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Research Sheds Light on Treating the Aging Knee as an Organ

by Kathy Jones on February 15, 2011 at 9:26 PM
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 Research Sheds Light on Treating the Aging Knee as an Organ

Basic biology tells us that the human body is made up of several organs composed of tissues that enable them to perform a particular function.

The heart circulates blood; the brain is the micro-neuro center of the body; the lungs bring in oxygen and release carbon dioxide.

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The failure of any one of these tissue systems can cause serious health issues, even death. When components of the organ are fixed, typically the organ functions better. For instance, unclogging a blocked artery with a balloon stent improves blood circulation to and from the heart.

Henry Ford Hospital researcher Fred Nelson, M.D., suggests that viewing the knee as an organ in the same way doctors examine the heart for heart disease could lead to better therapies for treating osteoarthritis, one of the five leading causes of disability in elderly men and women. The American Academy of Orthopaedic Surgeons asserts that the risk for disability from osteoarthritis of the knee is as great as that from cardiovascular disease.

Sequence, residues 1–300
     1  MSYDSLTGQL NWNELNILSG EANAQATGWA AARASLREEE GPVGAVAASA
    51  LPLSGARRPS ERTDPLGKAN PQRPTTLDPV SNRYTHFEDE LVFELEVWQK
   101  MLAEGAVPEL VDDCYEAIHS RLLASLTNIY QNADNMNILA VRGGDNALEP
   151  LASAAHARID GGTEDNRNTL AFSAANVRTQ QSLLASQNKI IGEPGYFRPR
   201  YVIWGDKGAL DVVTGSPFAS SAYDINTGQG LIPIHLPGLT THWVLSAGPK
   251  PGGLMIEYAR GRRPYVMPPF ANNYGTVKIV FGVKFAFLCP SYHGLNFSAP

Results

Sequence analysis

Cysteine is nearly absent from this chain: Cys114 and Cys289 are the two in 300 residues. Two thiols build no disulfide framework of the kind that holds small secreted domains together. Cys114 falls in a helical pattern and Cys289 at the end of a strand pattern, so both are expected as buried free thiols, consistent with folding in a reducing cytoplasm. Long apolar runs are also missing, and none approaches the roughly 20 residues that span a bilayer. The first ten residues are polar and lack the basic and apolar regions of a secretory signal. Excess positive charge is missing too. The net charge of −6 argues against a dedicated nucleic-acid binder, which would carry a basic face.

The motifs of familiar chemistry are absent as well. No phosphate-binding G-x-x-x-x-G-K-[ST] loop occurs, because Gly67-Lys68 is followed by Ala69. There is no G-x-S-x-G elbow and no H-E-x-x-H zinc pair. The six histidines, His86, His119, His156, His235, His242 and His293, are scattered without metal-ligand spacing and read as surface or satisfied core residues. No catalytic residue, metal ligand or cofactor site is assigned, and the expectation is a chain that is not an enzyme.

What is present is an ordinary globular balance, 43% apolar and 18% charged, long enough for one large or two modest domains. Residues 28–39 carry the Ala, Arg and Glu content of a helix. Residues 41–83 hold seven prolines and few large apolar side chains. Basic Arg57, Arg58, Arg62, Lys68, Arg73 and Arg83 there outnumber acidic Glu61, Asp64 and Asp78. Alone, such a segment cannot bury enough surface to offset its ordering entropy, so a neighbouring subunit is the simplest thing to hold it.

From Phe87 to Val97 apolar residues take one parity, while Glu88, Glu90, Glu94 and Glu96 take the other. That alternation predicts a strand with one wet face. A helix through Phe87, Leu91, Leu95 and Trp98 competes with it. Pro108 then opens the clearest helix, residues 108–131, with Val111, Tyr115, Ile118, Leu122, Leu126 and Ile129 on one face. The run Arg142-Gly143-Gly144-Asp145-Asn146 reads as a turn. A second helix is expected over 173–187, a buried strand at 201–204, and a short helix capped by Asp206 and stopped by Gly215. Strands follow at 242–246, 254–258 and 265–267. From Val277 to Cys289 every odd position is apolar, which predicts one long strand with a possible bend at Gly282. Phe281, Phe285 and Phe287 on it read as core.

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An exhibit that in part examines degenerative knee arthritis as an organ in failure will be displayed at the annual meeting of the American Academy of Orthopaedic Surgeons Feb. 15-18 in San Diego.

"For years we've looked at the aging knee strictly from a mechanical perspective recognizing the critical role of articular cartilage. We keep forgetting that other structures about the knee are also affected," says Dr. Nelson, director of Henry Ford's Osteoarthritis Center. "The underpinnings of research about a degenerative disease like osteoarthritis should take into account the bone, cartilage, ligaments, nerves and circulating chemicals and how these components collectively work together to affect the function of the knee."

Osteoarthritis of the knee is a leading cause of disability and loss of independence. It is most typically a slow, progressively degenerative disease in which the joint cartilage gradually wears away due to trauma, aging or infection. As the cartilage thins, the surrounding bone may thicken. Often bones rub against one another and may be the individual's source of pain. In most cases, normal activity becomes painful and difficult.

Current treatments include drug therapies like anti-inflammatory medication or pain relievers, physical therapy, support devices, health and behavioral modifications such as weight loss, and joint replacement surgery.

"Our strategies are directed at anti-inflammatory and pain medications. Yet, we don't look at the origins of pain, which can be a product of dysfunction of joint tissue, bone and nerves," Dr. Nelson says.

"The feed back of nerve signaling can have a direct effect on the cartilage cell itself. Knowledge of the back and forth messaging between the tissue components may lead to better interventions for pain. But we can't know that until we start looking at the knee with a broader view."
Source: Eurekalert
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